State v. Brian W. Sprang, 2004 WI App 121
For Sprang: Jefren E. Olsen, SPD, Madison Appellate
Issue: Whether the prosecutor breached the plea agreement, which called for recommendation of probation but left a free hand to argue terms and conditions, by expressly referring to the possibility of treatment in a prison setting and by implicitly endorsing PSI and sex offender report recommendations for prison.
¶21 Turning back to Sprang’s claim, we conclude that this case is more akin to Williams than Naydihor. We begin our analysis by acknowledging, under Naydihor, that the terms of the plea agreement, which permitted the prosecutor to argue the length and terms of probation, provided the prosecutor with substantial latitude in his presentation of negative information about Sprang in an effort to persuade the sentencing court to impose a stayed sentence and to further impose a substantial period of confinement as a condition of probation. However, unlike the prosecutor in Naydihor who never mentioned prison time, the prosecutor in this case expressly referred to the possibility of a prison setting, even going so far as suggesting the term of confinement necessary to meet Sprang’s treatment needs. See Naydihor, 678 N.W.2d 220, ¶16.
¶22 Further distinguishing this case from Naydihor and likening it to Williams are the prosecutor’s observations that (1) both the PSI and sex offender assessment reports disagreed with the probation recommendation set out in the plea agreement; and (2) Sprang was “high risk” and had not previously done well on probation.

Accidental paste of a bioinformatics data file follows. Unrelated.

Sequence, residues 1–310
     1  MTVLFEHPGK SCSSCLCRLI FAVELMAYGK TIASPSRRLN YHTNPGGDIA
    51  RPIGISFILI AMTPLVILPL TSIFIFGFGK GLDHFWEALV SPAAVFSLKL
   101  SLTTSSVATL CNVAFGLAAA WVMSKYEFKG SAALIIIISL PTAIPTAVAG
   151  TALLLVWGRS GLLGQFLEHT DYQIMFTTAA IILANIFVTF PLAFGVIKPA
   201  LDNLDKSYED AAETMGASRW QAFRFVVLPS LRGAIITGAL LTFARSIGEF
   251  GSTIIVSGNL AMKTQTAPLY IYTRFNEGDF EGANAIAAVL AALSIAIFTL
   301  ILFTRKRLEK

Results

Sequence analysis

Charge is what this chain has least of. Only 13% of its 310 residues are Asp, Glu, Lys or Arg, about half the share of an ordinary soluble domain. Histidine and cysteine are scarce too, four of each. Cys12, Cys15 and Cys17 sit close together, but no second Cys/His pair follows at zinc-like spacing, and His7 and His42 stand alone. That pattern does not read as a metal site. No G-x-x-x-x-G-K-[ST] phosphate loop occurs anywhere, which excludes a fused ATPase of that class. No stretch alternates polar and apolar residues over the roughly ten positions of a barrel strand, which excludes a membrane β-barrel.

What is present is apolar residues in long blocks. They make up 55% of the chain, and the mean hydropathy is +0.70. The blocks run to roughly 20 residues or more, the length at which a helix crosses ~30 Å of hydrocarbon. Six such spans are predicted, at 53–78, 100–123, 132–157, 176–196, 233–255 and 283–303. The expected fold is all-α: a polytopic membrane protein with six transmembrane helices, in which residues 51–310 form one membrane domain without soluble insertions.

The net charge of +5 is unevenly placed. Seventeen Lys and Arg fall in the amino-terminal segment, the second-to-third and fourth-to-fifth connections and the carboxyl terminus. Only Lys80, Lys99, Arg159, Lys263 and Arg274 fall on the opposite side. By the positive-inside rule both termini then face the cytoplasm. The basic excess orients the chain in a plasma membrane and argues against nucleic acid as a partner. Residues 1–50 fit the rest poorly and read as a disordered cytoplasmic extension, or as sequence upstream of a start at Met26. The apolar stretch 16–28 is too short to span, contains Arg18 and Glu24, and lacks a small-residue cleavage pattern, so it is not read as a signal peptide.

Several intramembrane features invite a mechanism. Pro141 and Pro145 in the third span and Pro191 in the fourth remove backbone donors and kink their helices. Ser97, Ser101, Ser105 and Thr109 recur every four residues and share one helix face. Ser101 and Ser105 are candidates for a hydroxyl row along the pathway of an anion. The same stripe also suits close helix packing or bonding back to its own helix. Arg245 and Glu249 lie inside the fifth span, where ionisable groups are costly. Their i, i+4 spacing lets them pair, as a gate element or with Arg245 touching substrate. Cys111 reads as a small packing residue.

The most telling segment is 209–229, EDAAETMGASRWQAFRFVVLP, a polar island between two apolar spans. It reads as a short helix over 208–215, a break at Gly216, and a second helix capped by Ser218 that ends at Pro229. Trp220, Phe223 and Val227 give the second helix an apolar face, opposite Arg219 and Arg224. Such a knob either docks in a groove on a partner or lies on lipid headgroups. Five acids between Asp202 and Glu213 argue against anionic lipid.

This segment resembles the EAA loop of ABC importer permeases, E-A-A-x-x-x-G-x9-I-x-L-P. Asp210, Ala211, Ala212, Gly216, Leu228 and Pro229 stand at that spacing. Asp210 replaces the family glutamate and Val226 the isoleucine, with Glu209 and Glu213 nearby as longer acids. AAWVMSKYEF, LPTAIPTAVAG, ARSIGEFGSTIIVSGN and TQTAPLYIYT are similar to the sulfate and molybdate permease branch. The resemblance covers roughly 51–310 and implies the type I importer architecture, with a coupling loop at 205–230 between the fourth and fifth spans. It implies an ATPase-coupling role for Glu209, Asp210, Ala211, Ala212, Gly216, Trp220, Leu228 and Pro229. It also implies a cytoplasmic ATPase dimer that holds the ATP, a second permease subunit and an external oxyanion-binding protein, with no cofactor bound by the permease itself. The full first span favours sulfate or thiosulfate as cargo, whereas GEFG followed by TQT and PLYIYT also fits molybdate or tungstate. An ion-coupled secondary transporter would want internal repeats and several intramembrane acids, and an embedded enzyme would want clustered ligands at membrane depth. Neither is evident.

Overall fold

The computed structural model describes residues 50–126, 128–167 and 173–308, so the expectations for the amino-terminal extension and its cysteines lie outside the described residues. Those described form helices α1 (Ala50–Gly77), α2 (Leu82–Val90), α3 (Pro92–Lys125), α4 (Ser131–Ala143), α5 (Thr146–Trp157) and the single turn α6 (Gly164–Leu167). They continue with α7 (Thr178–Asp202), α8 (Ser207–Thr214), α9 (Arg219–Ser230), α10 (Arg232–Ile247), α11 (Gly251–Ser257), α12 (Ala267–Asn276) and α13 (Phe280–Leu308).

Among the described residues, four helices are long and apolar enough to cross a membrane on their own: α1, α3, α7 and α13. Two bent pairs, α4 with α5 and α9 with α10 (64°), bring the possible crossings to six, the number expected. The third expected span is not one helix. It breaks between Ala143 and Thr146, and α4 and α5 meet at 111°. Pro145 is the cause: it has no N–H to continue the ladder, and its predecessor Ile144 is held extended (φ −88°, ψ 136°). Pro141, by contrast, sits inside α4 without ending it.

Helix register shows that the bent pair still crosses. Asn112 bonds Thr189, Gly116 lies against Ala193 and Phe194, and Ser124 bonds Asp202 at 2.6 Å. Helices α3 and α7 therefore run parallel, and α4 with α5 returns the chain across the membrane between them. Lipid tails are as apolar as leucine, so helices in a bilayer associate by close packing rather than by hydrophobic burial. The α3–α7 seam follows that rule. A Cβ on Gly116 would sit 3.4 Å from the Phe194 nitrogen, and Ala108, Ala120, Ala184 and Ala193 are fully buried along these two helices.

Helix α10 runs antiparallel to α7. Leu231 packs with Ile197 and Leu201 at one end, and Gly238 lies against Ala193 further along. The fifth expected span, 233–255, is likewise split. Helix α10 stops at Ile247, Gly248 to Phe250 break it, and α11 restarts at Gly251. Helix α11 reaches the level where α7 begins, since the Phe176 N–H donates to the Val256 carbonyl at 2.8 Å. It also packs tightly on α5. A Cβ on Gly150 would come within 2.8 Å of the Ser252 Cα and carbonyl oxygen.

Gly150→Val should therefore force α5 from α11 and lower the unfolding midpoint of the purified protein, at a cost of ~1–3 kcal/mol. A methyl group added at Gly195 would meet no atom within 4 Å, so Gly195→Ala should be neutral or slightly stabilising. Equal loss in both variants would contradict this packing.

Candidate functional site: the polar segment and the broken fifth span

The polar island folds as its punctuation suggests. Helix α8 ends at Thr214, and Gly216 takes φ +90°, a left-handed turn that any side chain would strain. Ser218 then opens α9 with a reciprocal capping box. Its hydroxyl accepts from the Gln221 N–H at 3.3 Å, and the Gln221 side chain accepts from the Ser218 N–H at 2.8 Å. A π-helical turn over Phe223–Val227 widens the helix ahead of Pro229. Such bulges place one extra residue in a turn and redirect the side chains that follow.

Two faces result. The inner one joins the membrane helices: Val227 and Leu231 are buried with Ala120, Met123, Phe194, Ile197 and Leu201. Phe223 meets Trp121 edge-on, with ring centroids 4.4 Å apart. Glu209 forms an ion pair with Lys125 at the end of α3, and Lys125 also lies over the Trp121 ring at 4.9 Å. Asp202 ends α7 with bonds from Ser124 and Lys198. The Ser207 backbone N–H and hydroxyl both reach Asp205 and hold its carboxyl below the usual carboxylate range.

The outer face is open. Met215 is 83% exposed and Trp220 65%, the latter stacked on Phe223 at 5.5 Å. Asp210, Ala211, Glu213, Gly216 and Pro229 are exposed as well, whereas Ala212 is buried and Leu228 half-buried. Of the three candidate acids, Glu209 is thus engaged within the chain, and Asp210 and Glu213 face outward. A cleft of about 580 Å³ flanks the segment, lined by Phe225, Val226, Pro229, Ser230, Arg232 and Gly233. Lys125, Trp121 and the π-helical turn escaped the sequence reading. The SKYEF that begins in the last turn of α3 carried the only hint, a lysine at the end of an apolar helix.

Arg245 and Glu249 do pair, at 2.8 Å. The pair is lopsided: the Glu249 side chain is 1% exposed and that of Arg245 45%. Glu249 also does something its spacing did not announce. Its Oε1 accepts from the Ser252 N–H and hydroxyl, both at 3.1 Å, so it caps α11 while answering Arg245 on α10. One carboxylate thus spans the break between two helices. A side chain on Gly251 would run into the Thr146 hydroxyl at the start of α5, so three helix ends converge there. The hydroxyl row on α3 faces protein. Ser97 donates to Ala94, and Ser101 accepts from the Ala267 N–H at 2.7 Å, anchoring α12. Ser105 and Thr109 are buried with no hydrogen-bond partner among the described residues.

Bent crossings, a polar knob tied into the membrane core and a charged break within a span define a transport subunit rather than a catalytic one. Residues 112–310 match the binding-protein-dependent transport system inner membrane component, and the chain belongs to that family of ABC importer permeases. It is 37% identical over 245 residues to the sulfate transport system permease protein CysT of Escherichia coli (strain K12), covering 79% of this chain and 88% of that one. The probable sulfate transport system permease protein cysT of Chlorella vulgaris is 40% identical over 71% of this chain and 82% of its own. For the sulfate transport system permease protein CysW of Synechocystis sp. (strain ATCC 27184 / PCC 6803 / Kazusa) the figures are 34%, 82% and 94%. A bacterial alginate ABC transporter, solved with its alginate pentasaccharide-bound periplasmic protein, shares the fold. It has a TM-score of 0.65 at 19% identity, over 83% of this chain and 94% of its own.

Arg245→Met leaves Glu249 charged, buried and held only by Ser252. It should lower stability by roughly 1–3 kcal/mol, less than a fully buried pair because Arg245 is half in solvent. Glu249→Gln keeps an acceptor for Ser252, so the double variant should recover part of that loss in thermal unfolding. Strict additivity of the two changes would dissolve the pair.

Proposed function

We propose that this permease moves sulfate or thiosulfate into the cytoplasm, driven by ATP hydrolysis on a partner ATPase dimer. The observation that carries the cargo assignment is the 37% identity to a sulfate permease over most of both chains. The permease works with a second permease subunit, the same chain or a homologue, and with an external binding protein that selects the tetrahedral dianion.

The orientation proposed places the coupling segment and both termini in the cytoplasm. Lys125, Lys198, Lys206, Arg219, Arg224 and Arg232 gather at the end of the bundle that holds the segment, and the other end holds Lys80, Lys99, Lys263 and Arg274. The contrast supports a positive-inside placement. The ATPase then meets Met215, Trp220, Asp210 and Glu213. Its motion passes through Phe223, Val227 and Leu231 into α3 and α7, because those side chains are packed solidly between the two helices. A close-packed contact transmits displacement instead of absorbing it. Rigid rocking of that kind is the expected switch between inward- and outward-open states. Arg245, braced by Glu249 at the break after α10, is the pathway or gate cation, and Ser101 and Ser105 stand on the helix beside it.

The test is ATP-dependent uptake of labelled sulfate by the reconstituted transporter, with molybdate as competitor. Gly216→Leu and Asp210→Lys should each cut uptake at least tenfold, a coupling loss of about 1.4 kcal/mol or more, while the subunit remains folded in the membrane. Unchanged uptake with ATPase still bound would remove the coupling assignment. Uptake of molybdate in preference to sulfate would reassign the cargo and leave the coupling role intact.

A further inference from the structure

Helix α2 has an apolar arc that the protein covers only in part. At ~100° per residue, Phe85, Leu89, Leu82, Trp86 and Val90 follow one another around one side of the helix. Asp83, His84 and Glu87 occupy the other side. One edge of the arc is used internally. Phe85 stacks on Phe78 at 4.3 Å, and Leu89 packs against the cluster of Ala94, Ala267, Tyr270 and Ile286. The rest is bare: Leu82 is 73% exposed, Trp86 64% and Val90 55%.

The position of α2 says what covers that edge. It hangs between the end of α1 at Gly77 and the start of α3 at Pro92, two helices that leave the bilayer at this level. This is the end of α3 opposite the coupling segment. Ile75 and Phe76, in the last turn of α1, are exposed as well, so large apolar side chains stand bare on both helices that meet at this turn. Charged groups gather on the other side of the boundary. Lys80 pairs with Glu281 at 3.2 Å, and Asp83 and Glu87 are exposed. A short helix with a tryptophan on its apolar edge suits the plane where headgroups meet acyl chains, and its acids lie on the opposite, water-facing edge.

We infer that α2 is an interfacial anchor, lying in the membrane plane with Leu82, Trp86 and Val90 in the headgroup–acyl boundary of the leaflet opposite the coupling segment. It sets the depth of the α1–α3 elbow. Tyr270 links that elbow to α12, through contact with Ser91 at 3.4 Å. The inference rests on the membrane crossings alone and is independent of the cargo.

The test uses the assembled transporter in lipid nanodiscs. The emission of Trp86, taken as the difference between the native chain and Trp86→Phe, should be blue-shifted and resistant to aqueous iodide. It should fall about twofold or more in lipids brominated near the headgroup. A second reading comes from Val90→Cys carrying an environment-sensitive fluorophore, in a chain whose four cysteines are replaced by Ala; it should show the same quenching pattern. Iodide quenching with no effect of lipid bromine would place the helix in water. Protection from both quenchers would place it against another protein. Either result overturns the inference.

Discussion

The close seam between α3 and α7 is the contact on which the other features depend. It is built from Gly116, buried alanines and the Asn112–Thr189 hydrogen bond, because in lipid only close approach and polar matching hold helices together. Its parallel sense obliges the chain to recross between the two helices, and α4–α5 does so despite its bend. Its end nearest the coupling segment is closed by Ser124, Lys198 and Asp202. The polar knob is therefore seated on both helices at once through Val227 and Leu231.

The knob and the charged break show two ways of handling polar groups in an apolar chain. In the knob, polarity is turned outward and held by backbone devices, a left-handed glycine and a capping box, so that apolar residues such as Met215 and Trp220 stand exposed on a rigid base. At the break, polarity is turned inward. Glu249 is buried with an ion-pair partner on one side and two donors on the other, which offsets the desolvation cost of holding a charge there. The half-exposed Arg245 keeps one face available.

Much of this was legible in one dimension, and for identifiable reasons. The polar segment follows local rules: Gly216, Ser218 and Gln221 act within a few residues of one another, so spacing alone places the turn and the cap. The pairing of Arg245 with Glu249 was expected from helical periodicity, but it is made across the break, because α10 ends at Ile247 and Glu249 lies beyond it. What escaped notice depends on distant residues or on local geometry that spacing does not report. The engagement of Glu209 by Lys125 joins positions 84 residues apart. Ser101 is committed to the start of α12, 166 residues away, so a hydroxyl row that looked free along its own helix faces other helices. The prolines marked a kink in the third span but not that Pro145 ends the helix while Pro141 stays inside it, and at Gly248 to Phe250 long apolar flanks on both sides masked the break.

¶23 “[W]hat the prosecutor may not do is personalize the information, adopt the same negative impressions as [the author of the presentence investigation report] and then remind the court that the [author] had recommended a harsher sentence than recommended.” Williams, 249 Wis. 2d 492, ¶48 (citation and footnote omitted). While not expressly stating that he had changed his impression of Sprang, see id., ¶47, the prosecutor observed that he found it “troubling” that Sprang’s version of the offense in the PSI report contradicted his guilty plea, that he found it clear from the PSI report and sex offender evaluation that Sprang was “high risk,” and finally, that he was “concerned” that the PSI report and sex offender assessment did not agree with the plea agreement and made a recommendation of initial confinement in the three- to five-year range.
¶24 We conclude that the prosecutor’s comments, including a recitation of the PSI recommendation for confinement, constituted a breach of the plea agreement by “insinuat[ing] that [the State] was distancing itself from its recommendation,” see Naydihor, 678 N.W.2d 220, ¶28, and “cast[ing] doubt on … its own sentence recommendation.” See Williams, 249 Wis. 2d 492, ¶50. In doing so, we acknowledge the State’s contention that the prosecutor’s remarks were merely informative in nature. Such an argument begs the question. No doubt the prosecutor’s remarks were informative; however, the core inquiry is whether such “information” breached the terms of the plea agreement. Our inquiry does not turn on whether the prosecutor intended to breach the agreement, 6 see State v. Howland, 2003 WI App 104, ¶31, 264 Wis. 2d 279, 663 N.W.2d 340, but rather we look to the practical effect of the prosecutor’s statements. Here, that effect was to deprive Sprang of his constitutional right to the enforcement of the negotiated terms of his plea agreement. See Williams, 249 Wis. 2d 492, ¶37.
6 Nor does our inquiry turn on whether the sentencing court was influenced by the State’s breach. State v. Poole, 131 Wis. 2d 359, 363, 394 N.W.2d 909 (Ct. App. 1986). Therefore, we do not consider the trial court’s statement that it did not base its sentencing decision in this case on the State’s remarks.